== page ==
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Triathlon - Kevin Mather: Greatness Found

Paraplegic Valencia High grad has qualified for prestigious Ironman competition

Posted: August 4, 2012 1:55 a.m.
Updated: August 4, 2012 1:55 a.m.

Valencia High graduate Kevin Mather was left paralyzed after being struck by a truck in 2009. The 29-year-old, though, has earned a spot in the Oct. 13 Ironman World Championship.

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Ironically, not being able to use his legs has worked to Kevin Mather’s advantage in many ways.

The 29-year-old from Valencia has been a paraplegic for more than three years.

On June 24, Mather qualified for the Ironman World Championship when he took second place behind Andre Kajlich in the men’s handicap division at a triathlon race in Lubbock, Texas.

In his division, he’ll be one of five men in the world to have qualified for the prestigious race, which takes place in Kailua-Kona, Hawaii on Oct. 13.

“It’s exciting. I’ve always wanted to get it done,” says Mather, a 2000 Valencia High graduate. “There’s always that great dream to be an Ironman athlete.”

Truth be told, he had always taken an interest in running, cycling and all kinds of activities long before he became handicapped.

Like any other kid growing up, he played soccer, baseball and football.

For a season and a half, Mather was the starting center for the Valencia varsity football team.

But team sports were never his favorite. He was more interested in sports that demanded solitude and discipline.

Mather was actually training for a half-marathon on the day of his accident, July 3, 2009, when he was struck by a truck traveling at 60 mph while he was on a bike ride with friends along Sierra Highway.

The accident left him paralyzed from the waist down with permanent damage to his 12th vertebra.

It was an understandably tough blow for an active 26-year-old like Mather at first.

While he was in the hospital recovering, he was given some brochures detailing activities available to paraplegics.

Three years later, he’s coming off a handicapped-division victory in the Los Angeles Marathon in May and is now headed to the most coveted Ironman competition in the world.

“I did stuff as an able-bodied person,” Mather says. “I went snowboarding, and wakeboarding. I’m not going to stop doing stuff now. It’s just what I like to do. I couldn’t imagine sitting down and not doing anything.”

It isn’t limited to triathlons, either.

Mather recently earned his pilot’s license for hand-operated glider planes, which he flies out of Crystal Airport in the Antelope Valley.

He’s taken up snow skiing again, this time with a monoski built for paraplegics.

Basically, if there’s a way to do it, Mather is willing to give it a try.

It’s been that way since he was a kid.

“The guy would do one thing and then he was would get really into it, and then he would go to something else,” says Mark Mather, Kevin’s father.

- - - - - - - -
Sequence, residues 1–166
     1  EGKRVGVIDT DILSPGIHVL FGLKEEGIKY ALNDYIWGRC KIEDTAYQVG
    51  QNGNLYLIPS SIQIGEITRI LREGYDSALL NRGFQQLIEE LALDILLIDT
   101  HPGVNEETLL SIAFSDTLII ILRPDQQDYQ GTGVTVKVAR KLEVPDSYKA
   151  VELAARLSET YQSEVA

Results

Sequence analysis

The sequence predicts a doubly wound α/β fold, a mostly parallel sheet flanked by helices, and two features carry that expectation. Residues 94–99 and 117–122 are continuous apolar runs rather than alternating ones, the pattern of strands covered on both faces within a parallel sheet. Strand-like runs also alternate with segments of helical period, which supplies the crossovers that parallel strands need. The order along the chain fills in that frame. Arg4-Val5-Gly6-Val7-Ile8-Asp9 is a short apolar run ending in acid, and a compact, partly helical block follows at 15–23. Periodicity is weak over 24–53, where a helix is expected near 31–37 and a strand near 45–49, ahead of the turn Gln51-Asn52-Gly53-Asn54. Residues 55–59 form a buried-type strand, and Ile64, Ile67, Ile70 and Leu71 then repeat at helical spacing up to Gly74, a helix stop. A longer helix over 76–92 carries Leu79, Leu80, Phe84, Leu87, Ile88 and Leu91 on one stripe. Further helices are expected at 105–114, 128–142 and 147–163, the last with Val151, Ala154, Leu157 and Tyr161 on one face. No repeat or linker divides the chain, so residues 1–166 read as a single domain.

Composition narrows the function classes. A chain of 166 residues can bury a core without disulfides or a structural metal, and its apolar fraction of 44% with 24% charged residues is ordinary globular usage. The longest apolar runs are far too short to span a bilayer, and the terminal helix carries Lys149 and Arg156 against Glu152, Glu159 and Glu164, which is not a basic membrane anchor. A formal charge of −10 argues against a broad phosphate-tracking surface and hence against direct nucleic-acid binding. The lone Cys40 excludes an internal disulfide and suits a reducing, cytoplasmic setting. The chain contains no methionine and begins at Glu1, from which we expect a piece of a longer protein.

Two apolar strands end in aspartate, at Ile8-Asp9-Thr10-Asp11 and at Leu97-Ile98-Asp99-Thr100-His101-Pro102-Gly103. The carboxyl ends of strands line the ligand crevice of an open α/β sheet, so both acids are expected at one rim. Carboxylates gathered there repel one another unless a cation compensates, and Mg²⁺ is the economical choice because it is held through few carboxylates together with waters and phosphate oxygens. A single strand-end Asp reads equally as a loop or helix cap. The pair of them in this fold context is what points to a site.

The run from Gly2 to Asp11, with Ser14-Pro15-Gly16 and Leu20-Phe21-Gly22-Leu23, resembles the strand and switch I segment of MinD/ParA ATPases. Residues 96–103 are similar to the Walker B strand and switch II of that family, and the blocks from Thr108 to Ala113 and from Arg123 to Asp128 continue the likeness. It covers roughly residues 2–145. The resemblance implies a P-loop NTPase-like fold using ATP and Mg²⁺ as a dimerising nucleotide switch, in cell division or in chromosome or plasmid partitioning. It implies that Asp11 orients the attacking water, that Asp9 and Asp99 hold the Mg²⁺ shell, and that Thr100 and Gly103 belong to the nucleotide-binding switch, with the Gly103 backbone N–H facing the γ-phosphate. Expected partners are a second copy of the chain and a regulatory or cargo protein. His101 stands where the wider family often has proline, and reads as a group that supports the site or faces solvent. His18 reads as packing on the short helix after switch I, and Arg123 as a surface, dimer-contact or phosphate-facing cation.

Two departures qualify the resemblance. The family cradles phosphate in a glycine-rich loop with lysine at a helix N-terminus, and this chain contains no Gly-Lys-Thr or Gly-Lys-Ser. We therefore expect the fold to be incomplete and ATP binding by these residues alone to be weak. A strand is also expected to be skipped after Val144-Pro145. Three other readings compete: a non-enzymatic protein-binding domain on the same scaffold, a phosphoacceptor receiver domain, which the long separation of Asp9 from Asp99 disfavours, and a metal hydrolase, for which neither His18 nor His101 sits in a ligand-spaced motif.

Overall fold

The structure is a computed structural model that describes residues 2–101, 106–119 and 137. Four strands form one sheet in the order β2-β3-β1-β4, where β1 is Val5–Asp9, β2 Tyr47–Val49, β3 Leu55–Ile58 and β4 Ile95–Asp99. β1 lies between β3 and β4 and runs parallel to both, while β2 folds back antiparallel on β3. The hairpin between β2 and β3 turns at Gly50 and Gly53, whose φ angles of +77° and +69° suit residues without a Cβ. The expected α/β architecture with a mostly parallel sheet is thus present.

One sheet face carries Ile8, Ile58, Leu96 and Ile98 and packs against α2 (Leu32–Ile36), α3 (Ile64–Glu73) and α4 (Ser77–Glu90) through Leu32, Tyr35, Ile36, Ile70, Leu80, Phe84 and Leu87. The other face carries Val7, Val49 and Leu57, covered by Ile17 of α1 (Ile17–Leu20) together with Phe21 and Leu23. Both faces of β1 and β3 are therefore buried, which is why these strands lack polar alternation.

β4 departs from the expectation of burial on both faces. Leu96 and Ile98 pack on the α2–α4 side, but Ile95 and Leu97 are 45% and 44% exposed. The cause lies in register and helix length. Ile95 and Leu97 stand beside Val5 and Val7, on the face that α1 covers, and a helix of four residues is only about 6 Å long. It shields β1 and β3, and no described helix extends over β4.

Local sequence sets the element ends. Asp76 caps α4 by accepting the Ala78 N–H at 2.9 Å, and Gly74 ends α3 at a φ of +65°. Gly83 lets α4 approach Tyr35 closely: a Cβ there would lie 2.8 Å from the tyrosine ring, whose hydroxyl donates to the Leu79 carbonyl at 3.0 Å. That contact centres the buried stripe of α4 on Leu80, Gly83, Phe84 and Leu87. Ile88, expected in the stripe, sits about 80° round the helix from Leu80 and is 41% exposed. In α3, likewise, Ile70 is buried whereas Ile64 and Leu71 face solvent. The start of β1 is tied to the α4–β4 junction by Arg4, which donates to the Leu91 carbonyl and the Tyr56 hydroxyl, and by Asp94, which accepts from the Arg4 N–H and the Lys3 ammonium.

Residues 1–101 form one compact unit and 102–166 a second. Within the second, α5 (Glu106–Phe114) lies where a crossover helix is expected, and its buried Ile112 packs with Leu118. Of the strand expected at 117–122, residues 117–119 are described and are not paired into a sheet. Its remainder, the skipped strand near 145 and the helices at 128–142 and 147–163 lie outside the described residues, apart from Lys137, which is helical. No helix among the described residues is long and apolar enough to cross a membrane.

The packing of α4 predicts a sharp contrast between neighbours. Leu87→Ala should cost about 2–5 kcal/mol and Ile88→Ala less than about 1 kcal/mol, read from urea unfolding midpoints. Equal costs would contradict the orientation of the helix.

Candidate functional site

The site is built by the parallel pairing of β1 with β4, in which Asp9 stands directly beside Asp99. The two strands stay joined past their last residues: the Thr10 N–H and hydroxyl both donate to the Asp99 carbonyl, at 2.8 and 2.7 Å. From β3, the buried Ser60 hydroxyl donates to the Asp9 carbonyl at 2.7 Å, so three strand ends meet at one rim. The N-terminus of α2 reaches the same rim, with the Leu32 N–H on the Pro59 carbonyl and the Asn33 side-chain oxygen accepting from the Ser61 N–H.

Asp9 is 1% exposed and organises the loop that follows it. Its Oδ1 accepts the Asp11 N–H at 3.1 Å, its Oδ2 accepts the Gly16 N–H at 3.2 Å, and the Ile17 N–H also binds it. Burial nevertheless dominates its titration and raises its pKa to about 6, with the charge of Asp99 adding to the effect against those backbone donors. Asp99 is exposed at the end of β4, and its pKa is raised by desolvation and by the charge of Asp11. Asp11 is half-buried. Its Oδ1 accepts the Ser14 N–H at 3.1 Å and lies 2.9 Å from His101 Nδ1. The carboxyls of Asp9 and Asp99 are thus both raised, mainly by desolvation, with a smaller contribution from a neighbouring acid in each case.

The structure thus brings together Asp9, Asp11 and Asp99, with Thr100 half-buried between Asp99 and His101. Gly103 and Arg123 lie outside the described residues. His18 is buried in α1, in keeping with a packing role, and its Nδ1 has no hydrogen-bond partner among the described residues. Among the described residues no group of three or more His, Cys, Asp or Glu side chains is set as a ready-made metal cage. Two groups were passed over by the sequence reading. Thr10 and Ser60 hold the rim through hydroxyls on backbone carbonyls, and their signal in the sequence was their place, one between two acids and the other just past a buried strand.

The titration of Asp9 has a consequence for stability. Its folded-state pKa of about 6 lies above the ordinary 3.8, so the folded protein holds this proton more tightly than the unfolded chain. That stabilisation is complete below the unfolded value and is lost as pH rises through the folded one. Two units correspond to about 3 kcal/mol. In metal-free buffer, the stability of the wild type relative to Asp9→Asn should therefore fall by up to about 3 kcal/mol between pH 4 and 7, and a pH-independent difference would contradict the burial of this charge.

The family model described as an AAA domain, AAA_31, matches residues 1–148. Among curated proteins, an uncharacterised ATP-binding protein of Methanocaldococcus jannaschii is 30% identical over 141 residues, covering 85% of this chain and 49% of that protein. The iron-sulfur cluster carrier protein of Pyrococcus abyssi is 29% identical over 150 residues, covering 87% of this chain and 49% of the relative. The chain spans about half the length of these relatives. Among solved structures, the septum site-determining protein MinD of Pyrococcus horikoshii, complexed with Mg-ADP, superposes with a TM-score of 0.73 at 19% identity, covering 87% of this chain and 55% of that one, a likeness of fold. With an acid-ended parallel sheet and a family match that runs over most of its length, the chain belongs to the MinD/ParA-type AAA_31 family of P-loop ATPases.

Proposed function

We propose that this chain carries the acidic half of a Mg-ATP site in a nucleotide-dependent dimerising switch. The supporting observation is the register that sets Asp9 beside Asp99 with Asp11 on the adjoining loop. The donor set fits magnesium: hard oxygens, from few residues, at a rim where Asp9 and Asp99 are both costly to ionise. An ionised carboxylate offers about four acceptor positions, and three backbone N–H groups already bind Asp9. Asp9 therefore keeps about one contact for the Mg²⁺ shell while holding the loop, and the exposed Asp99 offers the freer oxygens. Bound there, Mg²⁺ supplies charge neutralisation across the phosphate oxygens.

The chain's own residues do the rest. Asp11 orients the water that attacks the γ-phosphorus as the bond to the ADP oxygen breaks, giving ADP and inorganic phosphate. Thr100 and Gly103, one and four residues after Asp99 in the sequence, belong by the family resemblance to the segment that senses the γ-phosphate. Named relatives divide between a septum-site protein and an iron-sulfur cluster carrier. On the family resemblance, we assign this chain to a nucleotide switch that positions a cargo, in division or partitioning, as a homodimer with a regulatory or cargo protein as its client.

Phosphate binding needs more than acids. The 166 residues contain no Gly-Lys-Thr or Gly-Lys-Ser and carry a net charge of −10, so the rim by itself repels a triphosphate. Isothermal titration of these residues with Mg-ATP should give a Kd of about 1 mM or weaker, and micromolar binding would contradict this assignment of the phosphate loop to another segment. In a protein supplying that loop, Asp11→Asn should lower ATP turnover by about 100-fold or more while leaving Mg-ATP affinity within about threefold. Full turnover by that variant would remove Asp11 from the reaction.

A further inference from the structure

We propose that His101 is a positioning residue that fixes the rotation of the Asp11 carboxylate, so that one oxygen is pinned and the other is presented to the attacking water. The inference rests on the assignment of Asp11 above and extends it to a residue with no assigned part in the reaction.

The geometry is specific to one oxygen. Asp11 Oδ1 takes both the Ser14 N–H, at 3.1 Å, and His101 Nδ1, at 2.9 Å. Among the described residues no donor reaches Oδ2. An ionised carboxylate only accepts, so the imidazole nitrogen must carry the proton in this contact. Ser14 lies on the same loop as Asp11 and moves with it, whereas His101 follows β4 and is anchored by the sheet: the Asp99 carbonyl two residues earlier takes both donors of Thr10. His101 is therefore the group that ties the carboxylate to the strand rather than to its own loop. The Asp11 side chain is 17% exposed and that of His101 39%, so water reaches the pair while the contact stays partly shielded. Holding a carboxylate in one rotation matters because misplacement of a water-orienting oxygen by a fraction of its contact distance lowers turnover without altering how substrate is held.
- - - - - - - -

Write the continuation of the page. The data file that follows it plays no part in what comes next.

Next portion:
It made sense when Nike came to Kevin asking for him to appear in a commercial with his racing wheelchair.

The commercial, which first aired last week during NBC’s Olympics coverage, was one part of a new advertising series Nike launched called, “Find Your Greatness.”

The ad demonstrates that everyone, no matter their situation, is capable of greatness – not just the Olympians.

Fittingly, Kevin is shown in the commercial rapidly pushing his racing chair down the road as a sunset and canyons are shown in the background.

In other words, Kevin is shown doing the very thing he’s trained the past 10 months for, and what he considers the biggest athletic endeavor of his life.

And he’s doing it all after having his life flipped upside down just a few years ago.

“I don’t know if he got this from me or his mom, but it’s unbelievable,” Mark says.

The event in Hawaii includes a 2.4-mile swim, 112-mile bike ride and a 26.2-mile run. Competitors like Mather use specially designed racing bicycles for the bike version and racing wheelchairs for the run.

Able-bodied or not, it makes for some of the most grueling 140.6 miles in sports.

“It’s the crown jewel of them all, it’s the Super Bowl. It culminates the whole year. It all comes down to that,” says David Bailey, a former Ironman World Championship winner in the handicapped division, who is helping train Mather.

Since he made the decision to try for Ironman Kona, Kevin has built up to an intense training regimen that currently entails 17-19 hours of biking, wheeling and swimming per week.

Someone like Kevin will probably finish somewhere in the neighborhood of 12 hours, Bailey predicts.

Kevin said his intentions are simple: Complete the race in a respectable time.

Bailey says you can’t count Kevin out.

“Kevin is a sleeper,” Bailey says. “You meet him and you think – he’s not a wimp or anything – but he doesn’t have that super gnarly athletic look that you see in some other athletes. But man, he’s fast.”

Ironman Kona isn’t necessarily about winners and losers though. No money is awarded to the first-place finisher.

It’s more about completing the journey.

For Kevin Mather, perhaps it’s about finding his own greatness.




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